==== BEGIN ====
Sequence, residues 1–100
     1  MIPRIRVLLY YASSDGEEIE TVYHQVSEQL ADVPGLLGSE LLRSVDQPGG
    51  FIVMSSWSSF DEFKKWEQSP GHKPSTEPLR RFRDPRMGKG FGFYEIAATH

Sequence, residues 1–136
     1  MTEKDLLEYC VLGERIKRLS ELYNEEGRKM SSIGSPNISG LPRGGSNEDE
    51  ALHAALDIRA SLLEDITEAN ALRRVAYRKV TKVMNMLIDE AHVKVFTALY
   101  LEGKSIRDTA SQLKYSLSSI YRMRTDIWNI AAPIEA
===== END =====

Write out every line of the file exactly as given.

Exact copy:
Sequence, residues 1–100
     1  MIPRIRVLLY YASSDGEEIE TVYHQVSEQL ADVPGLLGSE LLRSVDQPGG
    51  FIVMSSWSSF DEFKKWEQSP GHKPSTEPLR RFRDPRMGKG FGFYEIAATH

Sequence, residues 1–136
     1  MTEKDLLEYC VLGERIKRLS ELYNEEGRKM SSIGSPNISG LPRGGSNEDE
    51  ALHAALDIRA SLLEDITEAN ALRRVAYRKV TKVMNMLIDE AHVKVFTALY
   101  LEGKSIRDTA SQLKYSLSSI YRMRTDIWNI AAPIEA